Last updated September 2009
Nkang M. Nkang
It has become increasingly important to analyse population dynamics beyond population growth itself, since it has been demonstrated that age structure, fertility, mortality, and migration influence population and economic growth in significant ways. Generally, fertility and mortality determine the age distribution of population and are in turn determined by the living conditions in the population. With the appropriate health facilities and policies, fertility and mortality rates can be managed to align with economic growth objectives. Fertility rates are high in most developing countries because most women in these countries have an unmet need for contraception. The high unmet need leads to millions of either unwanted or mistimed pregnancies that give rise to high youth dependency ratios. This has been hypothesized to negatively impact economic growth by reducing per capita incomes and increasing the incidence of poverty. In contrast, it is perceived that demographic transition, driven by fertility reduction, promotes growth and allows greater human capital investments by households, with attendant distributional outcomes that reduce poverty. Given this background, the study seeks to evaluate the impact of fertility shocks on economic growth, income inequality, and poverty in Nigeria using the computable general equilibrium framework.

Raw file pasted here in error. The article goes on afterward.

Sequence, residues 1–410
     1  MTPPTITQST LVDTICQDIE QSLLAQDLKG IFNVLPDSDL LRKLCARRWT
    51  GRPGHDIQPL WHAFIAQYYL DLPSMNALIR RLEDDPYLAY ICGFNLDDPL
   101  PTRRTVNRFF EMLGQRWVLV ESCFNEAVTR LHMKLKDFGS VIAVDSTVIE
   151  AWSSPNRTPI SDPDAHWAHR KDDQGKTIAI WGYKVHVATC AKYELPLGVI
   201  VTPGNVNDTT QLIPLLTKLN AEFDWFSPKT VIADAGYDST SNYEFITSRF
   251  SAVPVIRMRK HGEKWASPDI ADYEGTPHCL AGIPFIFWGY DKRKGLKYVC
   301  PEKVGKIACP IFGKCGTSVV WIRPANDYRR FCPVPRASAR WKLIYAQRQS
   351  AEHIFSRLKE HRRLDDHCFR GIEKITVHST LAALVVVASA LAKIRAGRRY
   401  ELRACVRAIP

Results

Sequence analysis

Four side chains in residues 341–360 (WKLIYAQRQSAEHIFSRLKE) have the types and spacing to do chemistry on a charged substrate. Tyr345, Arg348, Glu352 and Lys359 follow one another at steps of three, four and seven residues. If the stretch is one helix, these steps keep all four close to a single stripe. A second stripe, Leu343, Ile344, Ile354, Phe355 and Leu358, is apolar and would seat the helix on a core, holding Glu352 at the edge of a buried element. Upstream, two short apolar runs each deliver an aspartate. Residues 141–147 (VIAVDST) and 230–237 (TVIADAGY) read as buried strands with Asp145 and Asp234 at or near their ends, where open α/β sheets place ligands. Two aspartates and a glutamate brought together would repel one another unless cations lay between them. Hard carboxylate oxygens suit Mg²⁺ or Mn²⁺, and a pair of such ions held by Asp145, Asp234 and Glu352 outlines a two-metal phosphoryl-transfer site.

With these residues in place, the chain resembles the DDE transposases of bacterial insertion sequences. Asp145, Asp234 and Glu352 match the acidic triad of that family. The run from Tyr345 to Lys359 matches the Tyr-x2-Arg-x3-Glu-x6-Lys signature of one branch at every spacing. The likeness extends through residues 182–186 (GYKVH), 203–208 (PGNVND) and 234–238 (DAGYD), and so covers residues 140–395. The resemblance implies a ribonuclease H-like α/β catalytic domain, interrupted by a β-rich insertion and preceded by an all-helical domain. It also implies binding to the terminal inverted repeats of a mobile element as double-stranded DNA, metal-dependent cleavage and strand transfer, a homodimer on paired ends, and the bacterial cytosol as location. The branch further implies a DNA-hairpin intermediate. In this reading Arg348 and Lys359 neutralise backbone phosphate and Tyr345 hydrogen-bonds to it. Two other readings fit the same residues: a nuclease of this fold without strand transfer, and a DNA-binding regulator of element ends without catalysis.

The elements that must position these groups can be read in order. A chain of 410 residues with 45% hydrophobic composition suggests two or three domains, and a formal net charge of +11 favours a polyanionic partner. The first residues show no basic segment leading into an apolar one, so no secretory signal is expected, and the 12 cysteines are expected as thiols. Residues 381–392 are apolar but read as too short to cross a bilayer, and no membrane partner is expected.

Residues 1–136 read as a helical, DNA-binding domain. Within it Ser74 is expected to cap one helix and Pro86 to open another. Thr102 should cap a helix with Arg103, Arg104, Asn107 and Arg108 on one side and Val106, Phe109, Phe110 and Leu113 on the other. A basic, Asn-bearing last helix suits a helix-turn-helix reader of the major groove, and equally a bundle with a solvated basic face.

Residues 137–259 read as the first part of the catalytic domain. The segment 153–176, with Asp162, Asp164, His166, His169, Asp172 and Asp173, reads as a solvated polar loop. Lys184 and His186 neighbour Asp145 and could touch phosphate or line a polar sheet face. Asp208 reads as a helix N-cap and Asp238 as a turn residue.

Nkang M. Nkang, firstname.lastname@example.org
, University of Ibadan, Nigeria